Talent is Overrated and Deliberate Practice

Recently on the This Week in Tech podcast, I listened to Jason Calicanis extol the book Talent is Overrated.  I picked it up on Audible and listened to it back and forth from work for the past two weeks.

The major premise of the book is that we often grow up with the myth that people either have a talent or they don’t, and that that is what their determines their successful (or its corollary – you must have a great inborn talent and practice).   It vigorously tears down this myth in regard to Mozart, and then Tiger Woods.  In a nutshell, sustained practice is what determines your level of success.  And not just any practice – deliberate practice, which is often not very fun.

It reminded me of “Asians are intrinsically better a math” myth that is debunked in Malcolm Gladwell’s Outliers.  A hard work culture that results in lots of hard work and practice in math, a discipline that requires a lot of practice.  I have shared this with my daughter many times vis-a-vis math as she studies to get into college and become a doctor.  But have I shared it with myself enough?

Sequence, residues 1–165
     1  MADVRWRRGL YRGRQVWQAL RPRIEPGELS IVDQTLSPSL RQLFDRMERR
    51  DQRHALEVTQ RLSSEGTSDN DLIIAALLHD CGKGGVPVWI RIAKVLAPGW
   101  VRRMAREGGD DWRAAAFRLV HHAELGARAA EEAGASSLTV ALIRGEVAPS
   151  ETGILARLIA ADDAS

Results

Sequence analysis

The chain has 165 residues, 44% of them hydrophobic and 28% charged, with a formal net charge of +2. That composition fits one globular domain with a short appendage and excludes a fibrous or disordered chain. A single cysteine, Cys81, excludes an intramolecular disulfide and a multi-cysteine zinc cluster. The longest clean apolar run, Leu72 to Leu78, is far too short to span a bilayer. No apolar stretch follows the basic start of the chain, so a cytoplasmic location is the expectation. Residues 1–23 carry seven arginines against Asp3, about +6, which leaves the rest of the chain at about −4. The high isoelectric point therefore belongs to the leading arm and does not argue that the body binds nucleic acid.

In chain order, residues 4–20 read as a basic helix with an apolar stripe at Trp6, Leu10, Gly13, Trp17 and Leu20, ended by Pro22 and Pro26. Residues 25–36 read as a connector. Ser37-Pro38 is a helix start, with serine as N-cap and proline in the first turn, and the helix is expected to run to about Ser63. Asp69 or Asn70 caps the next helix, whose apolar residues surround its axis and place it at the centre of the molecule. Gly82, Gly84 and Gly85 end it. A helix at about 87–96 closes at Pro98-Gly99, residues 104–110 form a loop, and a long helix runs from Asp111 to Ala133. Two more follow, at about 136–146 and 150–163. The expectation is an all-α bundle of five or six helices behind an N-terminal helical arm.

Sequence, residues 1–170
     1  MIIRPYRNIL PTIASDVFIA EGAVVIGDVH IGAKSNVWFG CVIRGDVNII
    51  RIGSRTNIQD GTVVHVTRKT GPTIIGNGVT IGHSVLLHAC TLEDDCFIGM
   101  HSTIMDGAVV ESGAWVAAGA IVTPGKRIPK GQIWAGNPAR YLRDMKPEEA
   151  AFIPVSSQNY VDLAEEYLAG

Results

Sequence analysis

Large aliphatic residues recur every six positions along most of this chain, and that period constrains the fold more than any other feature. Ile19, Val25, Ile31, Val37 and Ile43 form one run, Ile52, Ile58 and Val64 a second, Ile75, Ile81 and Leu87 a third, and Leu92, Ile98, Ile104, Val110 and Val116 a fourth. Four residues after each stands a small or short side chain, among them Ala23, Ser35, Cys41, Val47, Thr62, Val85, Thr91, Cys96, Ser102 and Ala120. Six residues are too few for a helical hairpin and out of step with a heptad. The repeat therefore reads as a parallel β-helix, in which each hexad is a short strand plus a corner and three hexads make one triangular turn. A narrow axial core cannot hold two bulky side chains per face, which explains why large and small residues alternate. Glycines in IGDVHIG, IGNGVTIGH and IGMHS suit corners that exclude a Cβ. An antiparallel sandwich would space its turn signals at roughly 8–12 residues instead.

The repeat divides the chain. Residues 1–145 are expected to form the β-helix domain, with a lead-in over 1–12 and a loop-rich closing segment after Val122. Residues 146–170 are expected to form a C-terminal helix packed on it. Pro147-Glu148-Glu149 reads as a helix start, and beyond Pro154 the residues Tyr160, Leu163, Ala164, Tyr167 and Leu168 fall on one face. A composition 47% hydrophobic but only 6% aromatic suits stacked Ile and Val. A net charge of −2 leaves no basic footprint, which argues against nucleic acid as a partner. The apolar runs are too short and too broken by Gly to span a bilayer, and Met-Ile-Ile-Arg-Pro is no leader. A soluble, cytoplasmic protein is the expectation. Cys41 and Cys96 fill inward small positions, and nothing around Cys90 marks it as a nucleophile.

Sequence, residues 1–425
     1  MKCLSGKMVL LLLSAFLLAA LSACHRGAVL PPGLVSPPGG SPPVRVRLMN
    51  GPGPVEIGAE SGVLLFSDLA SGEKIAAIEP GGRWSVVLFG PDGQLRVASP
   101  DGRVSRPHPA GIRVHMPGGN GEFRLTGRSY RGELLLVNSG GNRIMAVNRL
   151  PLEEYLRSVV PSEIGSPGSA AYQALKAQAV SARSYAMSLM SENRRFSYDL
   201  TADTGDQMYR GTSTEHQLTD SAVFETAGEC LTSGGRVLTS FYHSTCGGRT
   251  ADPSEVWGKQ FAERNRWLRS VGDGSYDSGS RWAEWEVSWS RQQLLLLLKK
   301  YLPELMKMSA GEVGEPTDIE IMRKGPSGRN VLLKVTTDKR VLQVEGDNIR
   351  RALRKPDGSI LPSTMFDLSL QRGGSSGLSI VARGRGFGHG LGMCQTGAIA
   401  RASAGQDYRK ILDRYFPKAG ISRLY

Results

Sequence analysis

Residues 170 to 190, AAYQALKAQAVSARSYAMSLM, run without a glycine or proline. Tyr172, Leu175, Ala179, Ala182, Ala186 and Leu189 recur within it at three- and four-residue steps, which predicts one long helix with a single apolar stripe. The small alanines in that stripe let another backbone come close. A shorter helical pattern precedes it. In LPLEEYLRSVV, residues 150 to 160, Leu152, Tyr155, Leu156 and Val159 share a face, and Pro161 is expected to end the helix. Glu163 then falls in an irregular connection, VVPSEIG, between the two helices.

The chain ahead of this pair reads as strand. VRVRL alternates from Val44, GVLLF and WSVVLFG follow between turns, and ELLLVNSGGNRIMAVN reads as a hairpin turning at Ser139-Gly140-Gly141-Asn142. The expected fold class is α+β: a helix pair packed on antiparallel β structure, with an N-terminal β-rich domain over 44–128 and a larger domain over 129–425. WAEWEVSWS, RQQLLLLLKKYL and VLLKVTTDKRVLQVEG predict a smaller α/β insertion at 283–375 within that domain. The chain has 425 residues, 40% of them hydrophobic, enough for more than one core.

How many times have you worked with a programming wonderboy and attributed it to a natural talent that very few people have?  How often have you let yourself off the hook due to this?

This last year has been an intense year of deliberate practice for me.  Outside of work, I spend 15-20 hours a week studying computer science – learning new languages, mastering old ones, new OS’s, techniques, technologies, etc.  It has been a lot of deliberate practice, and my skills are far superior to what they were a year ago.

I have also noticed that the more I study, the easier it is to pick up new concepts I come across.

In addition, I have developed an absolute passion for programming that I had not experienced in a while.  All of this is leading to more deliberate practice and greater proficiency, as well as widening of the areas I am interested in and studying.

My latest thing is going through the Ruby Quizzes from Pragmatic Programmers.  I am not doing it to learn Ruby, but to write better Ruby.  The exercise in writing the best Ruby code I can, comparing it to example, and making changes it making me a much better Ruby developer.  I am learning about my strengths and weaknesses as a developer, and focusing on improving those weaknesses instead of doing the same old thing over and over.

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